Jason OMahony - Irish political blogger, Irish politics, EU politics
 

The awkward reality about the EU and refugees.

Posted by Jason O on Oct 15, 2016 in European Union, The Times Ireland Edition |

The Times ScreenshotPreviously published in The Times Ireland Edition.

If one wanted to begin the process of creating an Irish Donald Trump or Nigel Farage, one could start by adjusting a single newspaper headline.

Last week there was much on-air and online preening about how proud we were of the Irish Naval Service. The L.É. James Joyce had just returned from the Mediterranean where it had pulled nearly 2,500 people from the sea, and headlines announced the news with a hint of national self-applause.

But what if the headlines had continued to say something like “and ferried them onto Ireland to be housed.”

Imagine the popular response.

“Now, Joe, I’m not a racialist, but…our own people first, Joe…”

The naval service has a right to feel proud for doing a professional job. But let’s be clear: we as a country then hand the refugees over to the Italians and make it their problem, literally sailing off into the sunset feeling good about ourselves having done what is essentially the easy bit.

The standard alphabet left response is that we should take in every refugee who presents themselves. But even the alphabet left, far more committed to staying on the populist side of every argument than socialist principles of humanitarianism, don’t make a whole lot of noise about it. Some rending of garments, and then it’s back to the more comfortable territory of demanding free stuff paid by people with twirly moustaches and top hats.

Viktor Orban, the Hungarian prime minister, called last week for the creation of an EU city in North Africa to house refugees. Orban has taken, at times, a populist line against refugees, including moving a referendum on the EU’s refugee resettlement policies which he will almost certainly win.

I’m not a fan of Orban, but I’ll tell you two things about him. One, he’s not the most right wing leader in Hungary. That would be the third largest party, Jobbik, an outfit that likes uniformed marches and casually talks about drawing up lists of Jews. Secondly, despite the nasty yahoos to his right, he remains popular in the country, with his Fidesz party regularly polling in the mid-40s. There aren’t many sitting European leaders who can claim that.

That’s not to defend him. But it does raise the awkward fact across Europe that whilst we may want to help the refugees, and we do, large and growing numbers of Europeans don’t want the refugees in Europe, at least not in current numbers. Moreover, in the UK, France, the Netherlands, Germany, Greece, Denmark, Sweden, Norway, Finland and Hungary populist anti-immigrant parties are winning millions of voters.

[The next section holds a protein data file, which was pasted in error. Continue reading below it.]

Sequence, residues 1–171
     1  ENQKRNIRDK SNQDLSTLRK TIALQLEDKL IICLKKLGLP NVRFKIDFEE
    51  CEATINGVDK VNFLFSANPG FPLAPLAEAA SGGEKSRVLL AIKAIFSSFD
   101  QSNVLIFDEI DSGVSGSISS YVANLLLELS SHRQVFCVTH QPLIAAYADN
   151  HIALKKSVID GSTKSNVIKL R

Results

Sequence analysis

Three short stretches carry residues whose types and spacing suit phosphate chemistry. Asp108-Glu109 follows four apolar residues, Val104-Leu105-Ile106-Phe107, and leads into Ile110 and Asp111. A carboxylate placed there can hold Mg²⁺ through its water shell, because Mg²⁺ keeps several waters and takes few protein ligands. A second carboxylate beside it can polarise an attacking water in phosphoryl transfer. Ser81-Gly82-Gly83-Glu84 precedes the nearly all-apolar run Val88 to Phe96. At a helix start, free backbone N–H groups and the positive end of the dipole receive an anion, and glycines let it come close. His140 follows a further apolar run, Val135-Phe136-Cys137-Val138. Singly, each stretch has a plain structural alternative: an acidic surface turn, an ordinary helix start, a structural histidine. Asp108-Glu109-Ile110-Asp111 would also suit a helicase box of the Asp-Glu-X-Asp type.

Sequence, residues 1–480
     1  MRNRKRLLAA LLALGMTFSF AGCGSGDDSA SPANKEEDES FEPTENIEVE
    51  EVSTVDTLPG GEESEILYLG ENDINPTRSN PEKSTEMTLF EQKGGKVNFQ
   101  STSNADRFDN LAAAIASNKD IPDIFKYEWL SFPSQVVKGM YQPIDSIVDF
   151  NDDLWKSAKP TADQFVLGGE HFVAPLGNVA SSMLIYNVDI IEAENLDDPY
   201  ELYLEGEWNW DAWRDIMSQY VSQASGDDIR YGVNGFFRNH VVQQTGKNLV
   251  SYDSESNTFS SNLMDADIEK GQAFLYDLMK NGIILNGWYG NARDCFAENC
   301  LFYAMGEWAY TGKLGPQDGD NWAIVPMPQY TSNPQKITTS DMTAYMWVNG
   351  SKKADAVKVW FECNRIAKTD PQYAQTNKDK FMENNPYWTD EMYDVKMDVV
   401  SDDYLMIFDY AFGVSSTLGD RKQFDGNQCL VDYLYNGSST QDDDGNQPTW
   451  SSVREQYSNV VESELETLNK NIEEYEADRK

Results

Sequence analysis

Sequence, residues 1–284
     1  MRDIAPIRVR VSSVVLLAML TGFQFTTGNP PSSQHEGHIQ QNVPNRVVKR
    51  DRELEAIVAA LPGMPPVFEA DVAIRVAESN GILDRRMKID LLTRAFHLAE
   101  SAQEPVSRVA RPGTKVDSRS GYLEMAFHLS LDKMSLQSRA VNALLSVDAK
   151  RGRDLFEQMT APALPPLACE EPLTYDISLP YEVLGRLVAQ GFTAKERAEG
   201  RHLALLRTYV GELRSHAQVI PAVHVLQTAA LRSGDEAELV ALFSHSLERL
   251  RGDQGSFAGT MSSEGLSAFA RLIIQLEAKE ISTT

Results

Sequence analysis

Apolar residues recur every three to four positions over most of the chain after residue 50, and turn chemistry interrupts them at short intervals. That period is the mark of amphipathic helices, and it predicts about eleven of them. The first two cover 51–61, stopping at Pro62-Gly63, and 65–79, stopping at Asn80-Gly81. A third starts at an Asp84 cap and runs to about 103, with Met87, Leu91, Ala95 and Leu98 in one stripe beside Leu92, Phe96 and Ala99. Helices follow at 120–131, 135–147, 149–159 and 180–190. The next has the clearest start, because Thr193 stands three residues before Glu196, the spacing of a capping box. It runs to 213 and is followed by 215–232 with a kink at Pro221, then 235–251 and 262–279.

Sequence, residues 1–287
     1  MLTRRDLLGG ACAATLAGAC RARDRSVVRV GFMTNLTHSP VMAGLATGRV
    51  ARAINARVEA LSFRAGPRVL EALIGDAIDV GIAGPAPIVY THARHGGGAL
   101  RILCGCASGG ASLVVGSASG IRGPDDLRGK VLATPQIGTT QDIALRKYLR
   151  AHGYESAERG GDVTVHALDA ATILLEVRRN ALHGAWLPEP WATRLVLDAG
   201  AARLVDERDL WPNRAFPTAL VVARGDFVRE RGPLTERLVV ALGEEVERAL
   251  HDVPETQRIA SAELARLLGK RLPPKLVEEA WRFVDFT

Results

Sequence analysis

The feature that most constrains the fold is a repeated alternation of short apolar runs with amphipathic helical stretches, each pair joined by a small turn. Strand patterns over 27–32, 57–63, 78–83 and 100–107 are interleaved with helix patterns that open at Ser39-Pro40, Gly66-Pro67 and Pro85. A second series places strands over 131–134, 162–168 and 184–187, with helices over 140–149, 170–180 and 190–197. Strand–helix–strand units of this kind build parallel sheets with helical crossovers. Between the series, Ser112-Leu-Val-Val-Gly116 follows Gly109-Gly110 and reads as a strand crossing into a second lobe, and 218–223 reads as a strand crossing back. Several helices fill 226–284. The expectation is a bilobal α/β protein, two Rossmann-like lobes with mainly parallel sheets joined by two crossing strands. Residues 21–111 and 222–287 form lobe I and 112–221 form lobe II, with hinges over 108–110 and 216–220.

Europe’s leaders are caught between a continent and a sea of human misery.

In that context, the Orban suggestion should be looked at. Not a Tony Abbott style offshore prison where people can be dumped and forgotten, but a far more ambitious project.

We should build a little piece of Europe in North Africa. Not a vast camp of tents, but a city where refugees can not only be safe but build a life. It’ll mean building schools and hospitals and roads and marketplaces, and deploying thousands of European soldiers and doctors and engineers and teachers. It won’t be cheap. It’ll probably need a bond for billions raised by the ECB, and be part of the customs union and the eurozone.       

But picture the outcome. First, a place actually geared up to shelter the thousands fleeing. Secondly, a clear response from Europe: do not try to enter our continent illegally. You will be brought to the safe zone. You can leave anytime you want. But you can’t go to Europe without our consent.

Let me stress: this won’t end immigration, nor should it. Such a place would allow us to gradually process those who wish to live in Europe, but on our terms. The children there would be educated as European children, working towards becoming European citizens, learning European values, and studying in European universities. The eventual goal would be perhaps a new Beirut as it used to be, a bustling place of business and trade, a gateway between Europe and its neighbours, where businesspeople and students and even tourists legally travel to Europe and live in Europe but feel at ease going back and forth.

And those refugees who don’t want their children sitting with Christian or Muslim boys or girls? Or deny the Holocaust? Or insist on the burka? There’s the gate. Keep walking. You wouldn’t like Europe anyway. Sure it’s full of Jews and gays and strong women.

It’ll need to be run by someone with administrative experience, is pragmatic and middle of the road, a good European, and knows about divided communities. I can think of a chap who drinks in Fagans who might be up to the task. Or that posh English mate he used to knock around with.  

A fantasy? Perhaps. But so was Brexit, ending apartheid, the Berlin wall falling, a black president in the White House, Trump. We live in times of breakneck change.

We keep demanding that “the EU” do something about refugees. There is no EU, only EU member  states. Individually, EU states can’t solve the problem, and may destroy themselves politically trying, as Angela Merkel has discovered despite her enormous courage.

The Orban proposal is a European response to a European-wide problem. It deserves serious consideration.

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